Book Review: “The Orphan Master’s Son” by Adam Johnson

Looking for a summary, go elsewhere. My reviews are not like that.

The Orphan Master's Son
The Orphan Master’s Son

My better half bought me The Orphan Master’s Son because John Green (yes, that John Green from Youtube.com’s Mental Floss) said it was one of the best written books. I don’t have the quote. I’m relying on my better half for that info.

That said, my sentiments are not far from John Green’s.

Genuine understand of emotion: The way Jo

hnson describes torture, pain, love, loss, gain, hunger, thirst, power, weakness, and countless other things is so spot on and so deeply touching at almost every chance, it’s difficult to believe Johnson did not come from just such a background.

Political versus social: Another thing I want to commend Johnson for is his dance between showing North Korea in a negative light while showing the humanness of most of the North Koreans we meet in the book. Likewise, most of the book dances around the idea that the United States is not so perfect either. This is made clear with Jun Do, the main character, goes to Texas as part of a convoy. The Senator and others treat Jun Do and his Comrades as poor and ignorant and lesser humans.

I only have 2 gripes, and one isn’t even with the book, but with the mass reaction to the book.

First gripe: Popular praise for The Orphan Master’s Son focuses on Johnson’s ability to get inside North Korea like no one else.

Though this might be true in terms of popular novels, there’s still little we actually know and this is so far outside the realm of what people SHOULD be praising the book for. It’s still a work of fiction and based very loosely on loose understandings of a shrouded system and society. Not to mention that it makes Kim Jong Il out to be an absolute idiot. Which is usually almost never the case with any political leader, no matter how much you might think so.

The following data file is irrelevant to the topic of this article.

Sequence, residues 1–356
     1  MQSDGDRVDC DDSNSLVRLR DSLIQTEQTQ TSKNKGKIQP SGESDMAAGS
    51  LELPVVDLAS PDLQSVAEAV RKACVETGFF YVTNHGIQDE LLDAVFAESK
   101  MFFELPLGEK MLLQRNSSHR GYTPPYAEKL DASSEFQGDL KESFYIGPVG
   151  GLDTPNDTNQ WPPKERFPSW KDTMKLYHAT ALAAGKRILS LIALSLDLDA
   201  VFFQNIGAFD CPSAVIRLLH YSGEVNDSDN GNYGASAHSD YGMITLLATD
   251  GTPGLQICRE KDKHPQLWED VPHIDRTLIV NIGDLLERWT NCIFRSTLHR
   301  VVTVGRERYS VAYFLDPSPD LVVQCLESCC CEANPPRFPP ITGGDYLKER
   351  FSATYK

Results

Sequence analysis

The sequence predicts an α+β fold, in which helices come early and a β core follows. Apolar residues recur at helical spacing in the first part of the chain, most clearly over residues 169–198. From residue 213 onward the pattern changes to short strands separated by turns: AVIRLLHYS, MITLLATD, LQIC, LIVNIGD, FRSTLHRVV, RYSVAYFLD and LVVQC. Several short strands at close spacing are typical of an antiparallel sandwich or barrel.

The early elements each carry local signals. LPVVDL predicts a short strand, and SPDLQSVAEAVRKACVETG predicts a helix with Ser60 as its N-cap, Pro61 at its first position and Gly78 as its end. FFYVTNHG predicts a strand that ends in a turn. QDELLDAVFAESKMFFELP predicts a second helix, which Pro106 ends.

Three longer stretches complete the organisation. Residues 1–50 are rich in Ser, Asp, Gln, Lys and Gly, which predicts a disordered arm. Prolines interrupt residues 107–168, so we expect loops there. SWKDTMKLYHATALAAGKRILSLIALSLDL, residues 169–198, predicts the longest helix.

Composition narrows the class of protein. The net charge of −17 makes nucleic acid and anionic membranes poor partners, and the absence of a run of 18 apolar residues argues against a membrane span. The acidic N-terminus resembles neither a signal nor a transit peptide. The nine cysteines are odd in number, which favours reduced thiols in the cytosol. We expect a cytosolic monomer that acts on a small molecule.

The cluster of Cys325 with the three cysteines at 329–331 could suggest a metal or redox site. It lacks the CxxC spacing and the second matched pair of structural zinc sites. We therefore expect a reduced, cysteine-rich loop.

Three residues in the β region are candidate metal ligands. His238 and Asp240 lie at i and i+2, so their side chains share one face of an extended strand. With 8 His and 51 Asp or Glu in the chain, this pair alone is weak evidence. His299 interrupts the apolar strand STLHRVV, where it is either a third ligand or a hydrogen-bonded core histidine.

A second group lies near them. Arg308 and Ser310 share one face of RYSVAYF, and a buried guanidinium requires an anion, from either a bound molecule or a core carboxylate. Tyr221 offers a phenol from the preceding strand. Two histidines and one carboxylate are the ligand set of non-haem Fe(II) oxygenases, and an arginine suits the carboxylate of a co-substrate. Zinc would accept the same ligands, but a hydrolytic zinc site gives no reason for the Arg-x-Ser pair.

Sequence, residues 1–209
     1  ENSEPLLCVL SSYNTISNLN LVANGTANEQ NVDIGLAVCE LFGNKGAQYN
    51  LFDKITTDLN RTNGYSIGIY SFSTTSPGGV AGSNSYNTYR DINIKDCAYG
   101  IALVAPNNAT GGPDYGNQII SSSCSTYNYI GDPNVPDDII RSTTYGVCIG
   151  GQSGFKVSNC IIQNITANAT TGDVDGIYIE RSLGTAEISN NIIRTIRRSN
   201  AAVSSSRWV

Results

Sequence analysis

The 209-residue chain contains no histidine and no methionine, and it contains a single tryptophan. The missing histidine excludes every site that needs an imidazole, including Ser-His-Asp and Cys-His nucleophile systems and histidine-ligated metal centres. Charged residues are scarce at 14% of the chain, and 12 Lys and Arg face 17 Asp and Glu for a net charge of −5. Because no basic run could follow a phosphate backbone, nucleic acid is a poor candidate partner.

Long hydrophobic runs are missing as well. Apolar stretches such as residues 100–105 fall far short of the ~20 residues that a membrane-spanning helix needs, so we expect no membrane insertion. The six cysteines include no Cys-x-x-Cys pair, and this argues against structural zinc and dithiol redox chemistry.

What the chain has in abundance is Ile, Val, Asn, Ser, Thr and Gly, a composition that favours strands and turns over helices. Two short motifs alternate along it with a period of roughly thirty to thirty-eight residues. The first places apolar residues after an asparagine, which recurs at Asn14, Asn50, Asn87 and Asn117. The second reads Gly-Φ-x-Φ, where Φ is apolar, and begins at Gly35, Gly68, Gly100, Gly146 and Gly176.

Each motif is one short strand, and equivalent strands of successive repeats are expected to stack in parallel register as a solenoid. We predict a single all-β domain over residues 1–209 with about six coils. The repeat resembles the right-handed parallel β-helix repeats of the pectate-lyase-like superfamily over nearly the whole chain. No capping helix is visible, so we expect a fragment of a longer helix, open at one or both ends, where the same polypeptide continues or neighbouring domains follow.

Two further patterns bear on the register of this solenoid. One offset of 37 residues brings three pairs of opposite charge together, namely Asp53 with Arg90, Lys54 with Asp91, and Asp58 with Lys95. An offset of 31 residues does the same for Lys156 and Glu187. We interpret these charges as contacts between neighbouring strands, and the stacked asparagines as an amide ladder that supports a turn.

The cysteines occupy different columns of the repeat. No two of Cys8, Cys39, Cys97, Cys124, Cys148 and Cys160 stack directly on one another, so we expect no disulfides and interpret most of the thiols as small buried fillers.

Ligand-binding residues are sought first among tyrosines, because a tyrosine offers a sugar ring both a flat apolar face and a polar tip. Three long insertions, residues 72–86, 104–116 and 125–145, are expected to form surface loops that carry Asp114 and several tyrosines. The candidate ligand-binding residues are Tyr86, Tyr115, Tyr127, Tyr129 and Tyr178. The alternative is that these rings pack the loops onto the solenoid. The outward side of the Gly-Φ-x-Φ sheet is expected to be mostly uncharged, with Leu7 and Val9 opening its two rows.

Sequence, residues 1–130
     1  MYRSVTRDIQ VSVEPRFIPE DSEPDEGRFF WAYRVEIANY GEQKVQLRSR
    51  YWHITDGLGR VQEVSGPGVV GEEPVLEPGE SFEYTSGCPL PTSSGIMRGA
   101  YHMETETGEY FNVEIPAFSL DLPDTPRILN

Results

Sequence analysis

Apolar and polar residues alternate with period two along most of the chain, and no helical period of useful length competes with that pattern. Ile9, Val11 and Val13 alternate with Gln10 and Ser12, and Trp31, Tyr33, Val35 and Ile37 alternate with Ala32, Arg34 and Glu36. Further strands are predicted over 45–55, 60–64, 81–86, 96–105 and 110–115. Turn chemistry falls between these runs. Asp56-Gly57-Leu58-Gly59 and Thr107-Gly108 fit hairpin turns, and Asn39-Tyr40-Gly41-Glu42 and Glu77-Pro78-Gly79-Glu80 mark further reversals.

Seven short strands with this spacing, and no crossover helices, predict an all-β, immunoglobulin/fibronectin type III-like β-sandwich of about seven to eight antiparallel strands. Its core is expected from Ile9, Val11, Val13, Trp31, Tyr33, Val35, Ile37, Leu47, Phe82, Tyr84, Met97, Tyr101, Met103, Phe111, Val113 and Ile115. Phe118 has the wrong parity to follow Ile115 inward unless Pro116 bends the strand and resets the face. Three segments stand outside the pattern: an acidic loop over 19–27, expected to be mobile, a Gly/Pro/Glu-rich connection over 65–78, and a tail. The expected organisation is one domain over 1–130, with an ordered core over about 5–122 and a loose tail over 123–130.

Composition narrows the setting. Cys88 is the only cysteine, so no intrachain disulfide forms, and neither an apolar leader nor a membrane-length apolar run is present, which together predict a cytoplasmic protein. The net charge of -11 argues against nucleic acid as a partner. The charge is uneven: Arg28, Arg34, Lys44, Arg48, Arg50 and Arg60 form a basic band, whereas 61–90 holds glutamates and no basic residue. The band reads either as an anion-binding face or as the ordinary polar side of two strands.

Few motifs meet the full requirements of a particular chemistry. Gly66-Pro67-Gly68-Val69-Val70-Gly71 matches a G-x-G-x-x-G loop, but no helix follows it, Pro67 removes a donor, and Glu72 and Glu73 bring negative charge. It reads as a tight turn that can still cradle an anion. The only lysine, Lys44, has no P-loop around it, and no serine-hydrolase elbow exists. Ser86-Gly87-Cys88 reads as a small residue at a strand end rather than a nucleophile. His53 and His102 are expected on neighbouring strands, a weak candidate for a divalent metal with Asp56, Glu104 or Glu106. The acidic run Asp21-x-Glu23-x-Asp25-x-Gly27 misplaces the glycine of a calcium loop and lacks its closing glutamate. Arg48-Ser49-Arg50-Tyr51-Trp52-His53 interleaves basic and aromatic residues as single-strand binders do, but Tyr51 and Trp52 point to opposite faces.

Second gripe: The end. Not so much that it ended inappropriately. It didn’t. The story line was appropriate, fitting, and I loved it, as much as I hated it (you’ll understand when you read…I’m not going to spoil it for you). No, my gripe is with Jun Do’s lesson. Basically, what he learns is, probably, the reason for the book. It ruined the whole thing for me. It’s as if all that praise I gave Johnson for showing the U.S. in an accurate light goes out the window in a matter of 2 pages.

My favorite hated analogy is the movie Signs. Mel Gibson loses his faith in God, aliens attack, people die, Mel Gibson wins his faith back, aliens die. I have no respect for this movie so I have no issue ruining this one for you…the director did a fine enough job on his own. Point is, the aliens attacked and people died SO MEL GIBSON COULD GET HIS FAITH BACK. A terrible terrible theme that borders on the most self-absorbed understanding of religion ever manifested on the big screen, or anywhere.

The ending of The Orphan Master’s Son was similar.

But, the rest of book was so brilliantly sewn together, that most of that doesn’t matter. Had this last page not been what it was, I would run up and down the streets screaming my new favorite author. As it is, I can only say, great book. Masterfully done.

 

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